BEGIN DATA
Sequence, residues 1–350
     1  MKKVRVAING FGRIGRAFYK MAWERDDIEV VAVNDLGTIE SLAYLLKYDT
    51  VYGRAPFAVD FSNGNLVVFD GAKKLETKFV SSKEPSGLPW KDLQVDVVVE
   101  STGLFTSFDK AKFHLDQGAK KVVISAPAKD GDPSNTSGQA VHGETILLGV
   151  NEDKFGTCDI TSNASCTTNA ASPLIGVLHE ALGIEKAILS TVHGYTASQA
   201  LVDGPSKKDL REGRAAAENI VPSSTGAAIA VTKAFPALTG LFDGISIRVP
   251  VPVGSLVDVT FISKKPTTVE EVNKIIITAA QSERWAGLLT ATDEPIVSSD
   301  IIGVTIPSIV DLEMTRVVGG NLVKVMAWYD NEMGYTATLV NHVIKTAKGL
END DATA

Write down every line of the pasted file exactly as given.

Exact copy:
Sequence, residues 1–350
     1  MKKVRVAING FGRIGRAFYK MAWERDDIEV VAVNDLGTIE SLAYLLKYDT
    51  VYGRAPFAVD FSNGNLVVFD GAKKLETKFV SSKEPSGLPW KDLQVDVVVE
   101  STGLFTSFDK AKFHLDQGAK KVVISAPAKD GDPSNTSGQA VHGETILLGV
   151  NEDKFGTCDI TSNASCTTNA ASPLIGVLHE ALGIEKAILS TVHGYTASQA
   201  LVDGPSKKDL REGRAAAENI VPSSTGAAIA VTKAFPALTG LFDGISIRVP
   251  VPVGSLVDVT FISKKPTTVE EVNKIIITAA QSERWAGLLT ATDEPIVSSD
   301  IIGVTIPSIV DLEMTRVVGG NLVKVMAWYD NEMGYTATLV NHVIKTAKGL